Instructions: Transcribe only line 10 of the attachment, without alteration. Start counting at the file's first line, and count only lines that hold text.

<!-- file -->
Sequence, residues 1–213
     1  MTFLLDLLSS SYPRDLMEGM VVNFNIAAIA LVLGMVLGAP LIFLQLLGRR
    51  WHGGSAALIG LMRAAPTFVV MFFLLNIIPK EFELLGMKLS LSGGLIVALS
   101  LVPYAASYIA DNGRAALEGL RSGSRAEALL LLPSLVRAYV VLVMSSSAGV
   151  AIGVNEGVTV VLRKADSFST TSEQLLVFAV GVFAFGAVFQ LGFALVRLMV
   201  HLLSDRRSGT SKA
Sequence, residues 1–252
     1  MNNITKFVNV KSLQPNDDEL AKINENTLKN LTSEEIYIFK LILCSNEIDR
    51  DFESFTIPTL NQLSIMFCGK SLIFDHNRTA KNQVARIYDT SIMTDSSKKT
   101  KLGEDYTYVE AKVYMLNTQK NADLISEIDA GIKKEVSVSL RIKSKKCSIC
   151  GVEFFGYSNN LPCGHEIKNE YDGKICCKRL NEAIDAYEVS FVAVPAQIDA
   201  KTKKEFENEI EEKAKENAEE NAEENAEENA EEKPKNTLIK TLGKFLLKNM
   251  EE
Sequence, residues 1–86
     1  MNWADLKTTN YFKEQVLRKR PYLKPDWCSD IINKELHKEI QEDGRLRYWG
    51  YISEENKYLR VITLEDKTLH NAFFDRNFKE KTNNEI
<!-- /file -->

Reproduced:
   101  KLGEDYTYVE AKVYMLNTQK NADLISEIDA GIKKEVSVSL RIKSKKCSIC